Thirteen Reasons Why
by Asher, Jay






When Clay Jenkins receives a box containing thirteen cassette tapes recorded by his classmate Hannah, who committed suicide, he spends the night crisscrossing their town, listening to Hannah's voice recounting the events leading up to her death.





Jay Asher is the author of the young adult novels The Future Of Us andThirteen Reasons Why. Thirteen Reasons Why, his first novel, was published in hardcover in October 2007, going on to spend sixty-five weeks on theNew York Times children's hardcover bestseller list, with foreign rights into thirty-one countries and 750,000 copies currently in print in the US alone. Visit his blog at www.jayasher.blogspot.com and follow him on Twitter at www.twitter.com/jayasherguy.





When Clay Jenson plays the casette tapes he received in a mysterious package, he's surprised to hear the voice of dead classmate Hannah Baker. He's one of 13 people who receive Hannah's story, which details the circumstances that led to her suicide. Clay spends the rest of the day and long into the night listening to Hannah's voice and going to the locations she wants him to visit. The text alternates, sometimes quickly, between Hannah's voice (italicized) and Clay's thoughts as he listens to her words, which illuminate betrayals and secrets that demonstrate the consequences of even small actions. Hannah, herself, is not free from guilt, her own inaction having played a part in an accidental auto death and a rape. The message about how we treat one another, although sometimes heavy, makes for compelling reading. Give this to fans of Gail Giles psychological thrillers. Copyright 2007 Booklist Reviews.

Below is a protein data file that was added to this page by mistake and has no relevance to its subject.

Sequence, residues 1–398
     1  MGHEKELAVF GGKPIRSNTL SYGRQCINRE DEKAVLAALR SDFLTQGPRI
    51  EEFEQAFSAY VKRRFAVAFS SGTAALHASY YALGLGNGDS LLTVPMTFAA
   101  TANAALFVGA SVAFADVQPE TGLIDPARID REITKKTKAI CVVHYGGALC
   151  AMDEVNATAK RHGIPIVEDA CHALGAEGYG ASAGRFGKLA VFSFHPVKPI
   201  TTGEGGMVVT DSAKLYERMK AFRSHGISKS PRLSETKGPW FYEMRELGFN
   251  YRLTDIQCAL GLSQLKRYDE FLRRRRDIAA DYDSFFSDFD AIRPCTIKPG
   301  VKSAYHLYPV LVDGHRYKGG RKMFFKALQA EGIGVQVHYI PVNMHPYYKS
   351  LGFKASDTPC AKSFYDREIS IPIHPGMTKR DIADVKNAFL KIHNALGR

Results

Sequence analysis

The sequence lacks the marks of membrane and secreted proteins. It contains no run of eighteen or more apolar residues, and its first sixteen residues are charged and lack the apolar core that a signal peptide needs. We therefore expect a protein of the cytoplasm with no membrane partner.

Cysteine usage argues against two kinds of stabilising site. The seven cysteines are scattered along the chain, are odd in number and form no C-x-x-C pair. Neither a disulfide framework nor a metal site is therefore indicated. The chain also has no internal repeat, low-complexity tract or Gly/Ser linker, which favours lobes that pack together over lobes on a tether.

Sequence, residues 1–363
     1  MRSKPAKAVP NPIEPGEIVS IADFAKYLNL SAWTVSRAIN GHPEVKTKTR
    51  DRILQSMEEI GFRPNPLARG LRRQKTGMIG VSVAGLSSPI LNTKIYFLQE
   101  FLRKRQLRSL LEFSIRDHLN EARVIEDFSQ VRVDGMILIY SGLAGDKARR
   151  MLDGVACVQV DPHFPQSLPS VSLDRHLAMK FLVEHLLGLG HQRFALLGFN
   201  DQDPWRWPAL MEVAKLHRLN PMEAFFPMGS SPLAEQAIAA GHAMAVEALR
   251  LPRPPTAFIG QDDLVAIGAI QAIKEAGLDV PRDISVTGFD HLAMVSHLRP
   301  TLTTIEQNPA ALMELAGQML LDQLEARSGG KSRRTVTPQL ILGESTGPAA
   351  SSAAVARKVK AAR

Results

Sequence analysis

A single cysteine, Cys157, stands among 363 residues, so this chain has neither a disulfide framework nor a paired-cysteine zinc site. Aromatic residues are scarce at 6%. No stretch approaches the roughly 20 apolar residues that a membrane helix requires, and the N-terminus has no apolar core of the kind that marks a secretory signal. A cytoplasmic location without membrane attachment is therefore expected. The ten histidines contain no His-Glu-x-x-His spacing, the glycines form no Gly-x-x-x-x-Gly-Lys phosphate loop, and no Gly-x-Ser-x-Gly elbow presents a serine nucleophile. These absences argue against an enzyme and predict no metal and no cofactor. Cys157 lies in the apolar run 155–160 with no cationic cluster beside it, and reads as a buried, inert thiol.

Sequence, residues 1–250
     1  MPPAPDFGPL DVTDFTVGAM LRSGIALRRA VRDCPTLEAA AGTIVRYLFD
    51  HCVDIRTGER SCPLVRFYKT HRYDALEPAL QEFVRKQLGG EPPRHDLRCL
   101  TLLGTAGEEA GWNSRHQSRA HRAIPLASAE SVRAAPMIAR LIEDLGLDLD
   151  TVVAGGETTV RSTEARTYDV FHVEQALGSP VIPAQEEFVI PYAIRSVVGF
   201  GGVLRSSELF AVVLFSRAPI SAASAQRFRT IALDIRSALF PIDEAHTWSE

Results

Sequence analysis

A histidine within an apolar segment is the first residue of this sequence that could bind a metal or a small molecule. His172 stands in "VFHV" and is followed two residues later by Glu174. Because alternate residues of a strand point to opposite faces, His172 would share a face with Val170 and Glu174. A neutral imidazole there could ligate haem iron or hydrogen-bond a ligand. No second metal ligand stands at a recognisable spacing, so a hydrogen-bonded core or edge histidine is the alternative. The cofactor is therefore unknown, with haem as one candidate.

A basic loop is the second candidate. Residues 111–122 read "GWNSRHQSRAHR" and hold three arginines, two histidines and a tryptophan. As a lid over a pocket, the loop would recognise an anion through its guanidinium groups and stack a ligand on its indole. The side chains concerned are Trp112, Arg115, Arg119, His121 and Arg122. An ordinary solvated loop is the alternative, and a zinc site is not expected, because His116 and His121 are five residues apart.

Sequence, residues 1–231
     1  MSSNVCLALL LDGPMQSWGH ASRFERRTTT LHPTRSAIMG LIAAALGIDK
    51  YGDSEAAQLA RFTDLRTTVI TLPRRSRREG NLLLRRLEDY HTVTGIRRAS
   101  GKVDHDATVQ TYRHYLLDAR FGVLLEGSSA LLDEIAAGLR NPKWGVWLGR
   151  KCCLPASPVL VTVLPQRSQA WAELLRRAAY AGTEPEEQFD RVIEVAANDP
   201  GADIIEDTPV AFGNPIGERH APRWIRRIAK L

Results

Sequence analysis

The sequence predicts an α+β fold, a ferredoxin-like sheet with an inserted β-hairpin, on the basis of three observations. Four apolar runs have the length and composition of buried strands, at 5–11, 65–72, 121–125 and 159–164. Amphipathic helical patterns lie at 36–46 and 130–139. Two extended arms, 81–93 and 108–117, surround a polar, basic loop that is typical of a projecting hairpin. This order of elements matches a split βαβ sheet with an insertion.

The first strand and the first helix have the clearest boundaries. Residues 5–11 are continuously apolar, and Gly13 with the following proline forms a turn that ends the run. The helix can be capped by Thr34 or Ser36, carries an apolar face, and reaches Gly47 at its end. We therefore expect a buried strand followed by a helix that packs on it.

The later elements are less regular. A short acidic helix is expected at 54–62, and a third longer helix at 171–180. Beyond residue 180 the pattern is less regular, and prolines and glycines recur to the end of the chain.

"Everything affects everything," declares Hannah Baker, who killed herself two weeks ago. After her death, Clay Jensen-who had a crush on Hannah-finds seven cassette tapes in a brown paper package on his doorstep. Listening to the tapes, Hannah chronicles her downward spiral and the 13 people who led her to make this horrific choice. Evincing the subtle-and not so subtle-cruelties of teen life, from rumors, to reputations, to rape, Hannah explains to her listeners that, "in the end, everything matters." Most of the novel quite literally takes place in Clay's head, as he listens to Hannah's voice pounding in his ears through his headphones, creating a very intimate feel for the reader as Hannah explains herself. Her pain is gut-wrenchingly palpable, and the reader is thrust face-first into a world where everything is related, an intricate yet brutal tapestry of events, people and places. Asher has created an entrancing character study and a riveting look into the psyche of someone who would make this unfortunate choice. A brilliant and mesmerizing debut from a gifted new author. (Fiction. YA) Copyright Kirkus 2007 Kirkus/BPI Communications. All rights reserved.






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